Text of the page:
By Ian Ransom
MELBOURNE (Reuters) - A seven-month probe into the use of performance-enhancing drugs in sports Down Under has scalped one of the country's most powerful franchises in the Essendon Bombers, but the Australian Rules football club may be only the first domino to fall.
The investigation came to a dramatic head late on Tuesday when stone-faced administrators slapped the Melbourne team with the harshest punishment in the Australian Football League's (AFL) 116-years, for using their players as guinea pigs in an experimental and possibly illegal supplements regime in 2011-12.
One of the nation's oldest and most successful AFL clubs, with a record of 16 championships equalled only by cross-town rivals Carlton, Essendon's 2013 season ends in ignominy, disqualified from competing in the playoffs next month and hit with a A$2 million ($1.79 million) fine.
The club, which declared more than A$65 million in revenue last year, has also been stripped of draft picks for the next two seasons, while head coach James Hird, a former champion player and one of the game's most revered identities, has been banned for 12 months.
Rival clubs and players in the popular 18-team league hope the stinging punishment will put a line under a scandal which has tainted the innocent along with the guilty and reduced the on-field action to a sideshow.
But the sprawling investigation launched by the Australian Sports Anti-doping Authority (ASADA) in February, dubbed "the blackest day" in sports history Down Under by a former chief of the agency, continues.
Attention will now turn to punishments for individual players, which could see offenders banned for two years.
"There is no evidence at the moment to issue infraction notices to players about the use of prohibitive substances," AFL chief Andrew Demetriou told reporters.
"ASADA has made it clear they have an ongoing investigation, so that part of it remains open."
At the heart of the scandal are the use of peptides, small chains of amino acids that can be taken in supplement form to aid in muscle growth and re-generation. A number of peptide hormones have been banned by the World Anti-Doping Agency.
Stephen Dank, a sports scientist who helped Essendon source supplements and set up their programme, denied giving players banned drugs in an interview with state broadcaster ABC earlier this year.
But Dank's work as a consultant at Cronulla Sharks in 2011 has made the National Rugby League team another target in ASADA's investigation.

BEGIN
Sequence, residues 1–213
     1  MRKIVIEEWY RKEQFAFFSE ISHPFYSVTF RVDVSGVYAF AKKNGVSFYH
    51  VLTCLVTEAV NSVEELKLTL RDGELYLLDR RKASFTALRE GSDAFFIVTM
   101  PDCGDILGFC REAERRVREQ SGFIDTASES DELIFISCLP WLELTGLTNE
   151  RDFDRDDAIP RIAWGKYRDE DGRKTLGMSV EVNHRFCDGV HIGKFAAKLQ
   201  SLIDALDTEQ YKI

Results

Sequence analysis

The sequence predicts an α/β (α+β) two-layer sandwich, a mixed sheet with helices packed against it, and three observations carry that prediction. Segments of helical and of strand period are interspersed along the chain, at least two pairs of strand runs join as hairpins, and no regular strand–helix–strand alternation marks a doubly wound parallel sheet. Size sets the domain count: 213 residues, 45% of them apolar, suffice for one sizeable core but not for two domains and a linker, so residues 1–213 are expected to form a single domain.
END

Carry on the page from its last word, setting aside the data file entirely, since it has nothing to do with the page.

Investigators will also probe AFL team Melbourne Demons, Demetriou said. Melbourne's club doctor Dan Bates was stood down in April amid an internal review into supplements use after revelations that he had consulted with Dank.
Essendon's captain Jobe Watson, who won the AFL's most valuable player award last year, made a stunning admission on a local television chatshow in June that he believed he had taken AOD-9604, a banned anti-obesity drug.
An independent review commissioned by Essendon earlier this year found a "disturbing picture of a pharmacologically experimental environment" at the club.
The AFL's charges alleged Essendon had sourced and administered banned substances to players, had failed to check with anti-doping authorities as to their legality or adequately recorded details of their supplements programme.
Essendon have denied they are drug cheats, however, and only conceded after two days of legal wrangling with the AFL there was a "risk" they could have administered banned substances to players and were "unable" to determine whether they had.
The club's gradual but inexorable downfall has captivated Australia's AFL-obsessed southern states for months, and its punishment knocked the federal election campaign off the front pages of Wednesday's newspapers across the country.
"Bombed" shouted the front page headline of Sydney tabloid, the Daily Telegraph, with the back page headlined "Essendone."
The Australian newspaper's banner was: "Final humiliation for Essendon".
Prominent AFL columnist Patrick Smith described Essendon's failure to look after its players' welfare in 2012 as "the darkest year in AFL history."
"It is what we pray to God did not happen at any other clubs in the AFL," he wrote in The Australian.
Head coach Hird, who had long denied any wrongdoing and launched legal proceedings against the AFL last week, accepted the ban on Wednesday and dropped the legal action, saying it was "time to move on".
He also apologised for his role in the scandal, but remained defiant he had not broken any rules.
"Not at all," he told reporters on Wednesday outside his home in Toorak, an affluent suburb of Melbourne.
"I didn't break the rules ... those charges have been dropped. We've agreed to move on."
(Editing by Greg Stutchbury)